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dc.contributor.authorAustin, Michael
dc.date.accessioned2015-05-04T02:58:07Z
dc.date.available2015-05-04T02:58:07Z
dc.date.issued2013-11
dc.identifier.urihttps://hdl.handle.net/10652/2800
dc.description.abstractRecently there has been a renewed interest in Karl Popper’s The Open Society, written during the Second World War in Christchurch. Popper also wrote another major book The Poverty of Historicism, which has been much debated. The history of architecture revolves around the notion of closure. It is concerned with shelter, protection and differentiation. A history of openness in architecture has yet to be written. It does not see origins in the forest or the primitive hut but instead in the ocean and the boat. Open architecture is not concerned with closed rooms courtyards or squares. It is instead about platforms, decks, terraces, and beaches. However in the period of global expansion, the extent of oceanic and continental geography provoked confrontation with the phenomenon of the open. Hodges, the artist on Cook’s first voyage, continued to be confounded by the aesthetic appeal of Pacific and Asian architecture which couldn't be explained by reference to the architectural canon of ancient Greece. Oceanic societies lived in a way that contradicted traditional European architecture. In the extreme case aboriginal architecture was seen as non-existent. This architecture of the new world introduced the notion of the open and provoked the introduction of the modern. The skyscraper, the suburb, the freeway are new world examples of open architecture. The negatives of openness are well known; the boredom of suburbs the waste of the freeway and the banality of the skyscraper city. However the outcomes are sometimes sublime. The architecture of openness endlessly strives for porosity, connection, or view, rather than enclosure, shelter, or containment. The positive story to be written is about the achievement of openness.en_NZ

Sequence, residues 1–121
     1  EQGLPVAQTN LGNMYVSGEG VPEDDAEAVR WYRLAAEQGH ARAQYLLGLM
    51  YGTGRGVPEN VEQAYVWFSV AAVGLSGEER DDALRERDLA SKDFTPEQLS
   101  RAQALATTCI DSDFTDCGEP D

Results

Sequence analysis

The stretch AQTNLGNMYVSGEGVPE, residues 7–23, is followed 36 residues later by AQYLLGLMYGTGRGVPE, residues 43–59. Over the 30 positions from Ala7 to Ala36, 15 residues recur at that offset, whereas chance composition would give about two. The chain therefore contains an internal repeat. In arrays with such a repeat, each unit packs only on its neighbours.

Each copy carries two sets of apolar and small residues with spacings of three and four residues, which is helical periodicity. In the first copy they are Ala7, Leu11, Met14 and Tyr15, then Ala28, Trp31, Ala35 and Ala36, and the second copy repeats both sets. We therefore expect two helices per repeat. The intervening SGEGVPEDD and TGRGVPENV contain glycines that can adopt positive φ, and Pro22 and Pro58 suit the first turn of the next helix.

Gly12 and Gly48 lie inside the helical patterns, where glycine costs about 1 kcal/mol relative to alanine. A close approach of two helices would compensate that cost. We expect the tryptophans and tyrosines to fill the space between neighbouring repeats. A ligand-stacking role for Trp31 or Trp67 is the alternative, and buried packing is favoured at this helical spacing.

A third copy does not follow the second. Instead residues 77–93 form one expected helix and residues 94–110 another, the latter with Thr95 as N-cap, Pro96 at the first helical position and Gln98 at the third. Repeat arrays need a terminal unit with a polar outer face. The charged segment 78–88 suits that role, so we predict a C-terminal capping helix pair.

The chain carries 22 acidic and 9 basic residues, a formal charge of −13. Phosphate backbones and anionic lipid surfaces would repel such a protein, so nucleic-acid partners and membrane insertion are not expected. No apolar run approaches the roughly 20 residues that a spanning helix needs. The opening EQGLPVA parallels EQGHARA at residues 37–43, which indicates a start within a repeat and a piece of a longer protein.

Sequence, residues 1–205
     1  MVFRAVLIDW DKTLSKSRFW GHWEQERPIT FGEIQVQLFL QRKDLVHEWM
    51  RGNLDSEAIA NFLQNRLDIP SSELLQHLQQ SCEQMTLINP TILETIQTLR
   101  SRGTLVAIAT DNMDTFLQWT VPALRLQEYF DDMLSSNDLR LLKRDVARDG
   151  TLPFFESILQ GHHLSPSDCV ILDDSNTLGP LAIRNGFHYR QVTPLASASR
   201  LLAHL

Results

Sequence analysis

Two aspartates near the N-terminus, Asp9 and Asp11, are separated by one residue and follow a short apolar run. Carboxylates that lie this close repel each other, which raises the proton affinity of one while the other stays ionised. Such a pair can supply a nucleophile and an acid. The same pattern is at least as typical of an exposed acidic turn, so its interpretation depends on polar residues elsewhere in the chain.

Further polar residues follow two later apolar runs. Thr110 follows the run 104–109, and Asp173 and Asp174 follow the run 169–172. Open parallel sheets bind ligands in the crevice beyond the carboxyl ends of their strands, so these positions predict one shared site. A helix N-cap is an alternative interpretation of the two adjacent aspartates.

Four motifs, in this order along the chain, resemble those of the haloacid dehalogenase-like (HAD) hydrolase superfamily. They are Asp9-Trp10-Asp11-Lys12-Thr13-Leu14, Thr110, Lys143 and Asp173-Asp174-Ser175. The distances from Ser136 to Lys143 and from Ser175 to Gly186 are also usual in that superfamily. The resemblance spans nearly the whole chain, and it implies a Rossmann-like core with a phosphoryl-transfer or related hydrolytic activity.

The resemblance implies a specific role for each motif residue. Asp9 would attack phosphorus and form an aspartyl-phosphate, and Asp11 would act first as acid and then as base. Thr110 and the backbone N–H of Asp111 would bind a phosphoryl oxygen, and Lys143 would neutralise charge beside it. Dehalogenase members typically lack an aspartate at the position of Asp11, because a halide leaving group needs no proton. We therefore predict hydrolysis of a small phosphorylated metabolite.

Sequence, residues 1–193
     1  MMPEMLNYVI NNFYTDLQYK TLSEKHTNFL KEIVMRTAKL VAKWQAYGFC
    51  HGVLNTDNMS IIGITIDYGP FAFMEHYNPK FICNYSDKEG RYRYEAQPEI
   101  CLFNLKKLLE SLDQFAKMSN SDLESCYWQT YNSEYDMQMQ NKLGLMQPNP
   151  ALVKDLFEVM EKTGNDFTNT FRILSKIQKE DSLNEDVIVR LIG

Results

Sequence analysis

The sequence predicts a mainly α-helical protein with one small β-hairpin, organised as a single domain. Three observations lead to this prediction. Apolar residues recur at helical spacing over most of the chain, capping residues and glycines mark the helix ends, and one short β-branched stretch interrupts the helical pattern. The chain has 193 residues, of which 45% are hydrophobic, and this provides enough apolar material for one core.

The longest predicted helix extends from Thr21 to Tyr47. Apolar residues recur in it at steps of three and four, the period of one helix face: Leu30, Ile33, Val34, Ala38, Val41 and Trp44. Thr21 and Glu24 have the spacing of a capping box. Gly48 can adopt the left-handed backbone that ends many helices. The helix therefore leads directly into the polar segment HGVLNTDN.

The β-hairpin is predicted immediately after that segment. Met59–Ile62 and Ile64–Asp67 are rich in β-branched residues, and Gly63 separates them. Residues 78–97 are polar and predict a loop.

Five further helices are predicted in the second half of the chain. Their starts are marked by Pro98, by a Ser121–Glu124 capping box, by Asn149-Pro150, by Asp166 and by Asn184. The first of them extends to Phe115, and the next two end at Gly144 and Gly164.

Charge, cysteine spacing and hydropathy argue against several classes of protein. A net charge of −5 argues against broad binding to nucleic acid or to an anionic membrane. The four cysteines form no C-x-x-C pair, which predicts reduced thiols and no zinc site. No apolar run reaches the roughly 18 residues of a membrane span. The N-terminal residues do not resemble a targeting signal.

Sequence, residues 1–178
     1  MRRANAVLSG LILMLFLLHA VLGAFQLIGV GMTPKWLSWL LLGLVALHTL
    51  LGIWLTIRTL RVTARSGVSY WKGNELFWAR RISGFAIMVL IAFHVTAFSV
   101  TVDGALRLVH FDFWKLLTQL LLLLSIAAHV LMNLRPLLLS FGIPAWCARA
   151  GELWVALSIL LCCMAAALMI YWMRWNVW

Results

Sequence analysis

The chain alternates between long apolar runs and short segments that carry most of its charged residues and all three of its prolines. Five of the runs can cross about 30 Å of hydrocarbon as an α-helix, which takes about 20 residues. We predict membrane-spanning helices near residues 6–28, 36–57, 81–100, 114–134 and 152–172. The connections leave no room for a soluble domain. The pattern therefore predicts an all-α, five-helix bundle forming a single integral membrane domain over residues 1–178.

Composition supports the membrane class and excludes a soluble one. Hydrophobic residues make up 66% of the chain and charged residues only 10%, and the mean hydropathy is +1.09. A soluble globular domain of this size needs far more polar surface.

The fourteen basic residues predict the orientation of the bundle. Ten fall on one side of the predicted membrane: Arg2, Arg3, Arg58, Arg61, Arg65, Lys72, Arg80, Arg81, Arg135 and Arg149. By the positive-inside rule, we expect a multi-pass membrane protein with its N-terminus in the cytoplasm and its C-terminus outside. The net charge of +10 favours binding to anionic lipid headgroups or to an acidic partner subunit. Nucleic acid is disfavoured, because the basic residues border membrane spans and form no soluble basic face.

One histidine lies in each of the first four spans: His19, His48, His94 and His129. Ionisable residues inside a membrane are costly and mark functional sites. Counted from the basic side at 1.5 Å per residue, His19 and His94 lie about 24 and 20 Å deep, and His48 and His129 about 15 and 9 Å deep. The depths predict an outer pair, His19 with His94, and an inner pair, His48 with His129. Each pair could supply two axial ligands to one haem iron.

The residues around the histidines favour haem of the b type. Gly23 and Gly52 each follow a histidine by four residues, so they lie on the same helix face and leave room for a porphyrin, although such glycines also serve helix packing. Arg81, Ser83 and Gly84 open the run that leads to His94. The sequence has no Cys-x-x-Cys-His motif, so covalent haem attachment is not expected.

dc.language.isoenen_NZ
dc.publisherAuckland University of Technologyen_NZ
dc.subjectOceaniaen_NZ
dc.subjectPasifikaen_NZ
dc.subjectarchitectureen_NZ
dc.subjectSamoaen_NZ
dc.subjectfaleen_NZ
dc.subjectNew Zealanden_NZ
dc.subjectMāorien_NZ
dc.titleThe openen_NZ
dc.title.alternativeThe Architecture of Opennessen_NZ
dc.typeConference Contribution - Oral Presentationen_NZ
dc.rights.holderThe Authoren_NZ
dc.subject.marsden120103 Architectural History and Theoryen_NZ
dc.identifier.bibliographicCitationAustin, M. R. (2013). The open [The Architecture of Openness]. Paper presented at Pacific Spaces and Sacred Buildings Fono #1: Interstices Under Construction Symposium, Auckland, New Zealanden_NZ
unitec.institutionUnitec Institute of Technologyen_NZ
unitec.publication.titlePacific Spaces and Sacred Buildings Fono #1: Interstices Under Construction Symposiumen_NZ
unitec.conference.titlePacific Spaces and Sacred Buildings Fono #1: Interstices Under Construction Symposiumen_NZ
unitec.conference.orgAuckland University of Technologyen_NZ
unitec.conference.locationAuckland, New Zealanden_NZ
unitec.conference.sdate2013-11-24
unitec.conference.edate2013-11-24
unitec.peerreviewedyesen_NZ
unitec.identifier.roms55763en_NZ
dc.subject.tukutukuMaraemi_NZ
dc.subject.tukutukuHoahoanga wharemi_NZ


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